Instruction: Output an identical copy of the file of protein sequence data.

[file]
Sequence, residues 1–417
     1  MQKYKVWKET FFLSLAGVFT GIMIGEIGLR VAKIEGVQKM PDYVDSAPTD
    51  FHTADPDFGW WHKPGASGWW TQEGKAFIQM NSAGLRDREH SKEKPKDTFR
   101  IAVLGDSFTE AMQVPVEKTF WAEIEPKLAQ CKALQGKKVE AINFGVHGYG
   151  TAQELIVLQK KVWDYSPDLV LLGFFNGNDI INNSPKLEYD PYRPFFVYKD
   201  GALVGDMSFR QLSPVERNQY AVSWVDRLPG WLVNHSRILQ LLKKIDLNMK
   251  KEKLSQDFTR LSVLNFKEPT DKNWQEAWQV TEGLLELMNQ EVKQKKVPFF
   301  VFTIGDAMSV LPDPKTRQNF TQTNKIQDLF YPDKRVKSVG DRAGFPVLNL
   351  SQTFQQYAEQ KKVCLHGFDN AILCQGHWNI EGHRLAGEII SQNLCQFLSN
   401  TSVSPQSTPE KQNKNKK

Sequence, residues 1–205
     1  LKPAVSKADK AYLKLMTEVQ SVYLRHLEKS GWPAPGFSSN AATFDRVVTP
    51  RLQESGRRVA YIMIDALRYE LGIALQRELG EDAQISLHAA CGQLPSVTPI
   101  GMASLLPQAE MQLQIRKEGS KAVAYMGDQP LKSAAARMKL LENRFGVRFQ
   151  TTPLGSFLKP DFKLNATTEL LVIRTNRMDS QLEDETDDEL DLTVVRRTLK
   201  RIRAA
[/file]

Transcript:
Sequence, residues 1–417
     1  MQKYKVWKET FFLSLAGVFT GIMIGEIGLR VAKIEGVQKM PDYVDSAPTD
    51  FHTADPDFGW WHKPGASGWW TQEGKAFIQM NSAGLRDREH SKEKPKDTFR
   101  IAVLGDSFTE AMQVPVEKTF WAEIEPKLAQ CKALQGKKVE AINFGVHGYG
   151  TAQELIVLQK KVWDYSPDLV LLGFFNGNDI INNSPKLEYD PYRPFFVYKD
   201  GALVGDMSFR QLSPVERNQY AVSWVDRLPG WLVNHSRILQ LLKKIDLNMK
   251  KEKLSQDFTR LSVLNFKEPT DKNWQEAWQV TEGLLELMNQ EVKQKKVPFF
   301  VFTIGDAMSV LPDPKTRQNF TQTNKIQDLF YPDKRVKSVG DRAGFPVLNL
   351  SQTFQQYAEQ KKVCLHGFDN AILCQGHWNI EGHRLAGEII SQNLCQFLSN
   401  TSVSPQSTPE KQNKNKK

Sequence, residues 1–205
     1  LKPAVSKADK AYLKLMTEVQ SVYLRHLEKS GWPAPGFSSN AATFDRVVTP
    51  RLQESGRRVA YIMIDALRYE LGIALQRELG EDAQISLHAA CGQLPSVTPI
   101  GMASLLPQAE MQLQIRKEGS KAVAYMGDQP LKSAAARMKL LENRFGVRFQ
   151  TTPLGSFLKP DFKLNATTEL LVIRTNRMDS QLEDETDDEL DLTVVRRTLK
   201  RIRAA